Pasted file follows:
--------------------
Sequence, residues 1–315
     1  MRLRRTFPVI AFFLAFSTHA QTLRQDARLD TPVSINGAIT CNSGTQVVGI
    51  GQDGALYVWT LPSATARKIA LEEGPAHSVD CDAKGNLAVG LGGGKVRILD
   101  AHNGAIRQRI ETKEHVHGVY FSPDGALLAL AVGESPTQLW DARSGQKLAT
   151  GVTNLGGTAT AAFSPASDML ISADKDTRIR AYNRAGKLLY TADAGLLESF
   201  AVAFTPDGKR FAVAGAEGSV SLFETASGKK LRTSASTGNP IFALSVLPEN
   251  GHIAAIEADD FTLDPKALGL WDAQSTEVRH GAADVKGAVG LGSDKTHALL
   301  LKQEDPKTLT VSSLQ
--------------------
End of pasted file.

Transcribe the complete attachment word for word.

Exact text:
Sequence, residues 1–315
     1  MRLRRTFPVI AFFLAFSTHA QTLRQDARLD TPVSINGAIT CNSGTQVVGI
    51  GQDGALYVWT LPSATARKIA LEEGPAHSVD CDAKGNLAVG LGGGKVRILD
   101  AHNGAIRQRI ETKEHVHGVY FSPDGALLAL AVGESPTQLW DARSGQKLAT
   151  GVTNLGGTAT AAFSPASDML ISADKDTRIR AYNRAGKLLY TADAGLLESF
   201  AVAFTPDGKR FAVAGAEGSV SLFETASGKK LRTSASTGNP IFALSVLPEN
   251  GHIAAIEADD FTLDPKALGL WDAQSTEVRH GAADVKGAVG LGSDKTHALL
   301  LKQEDPKTLT VSSLQ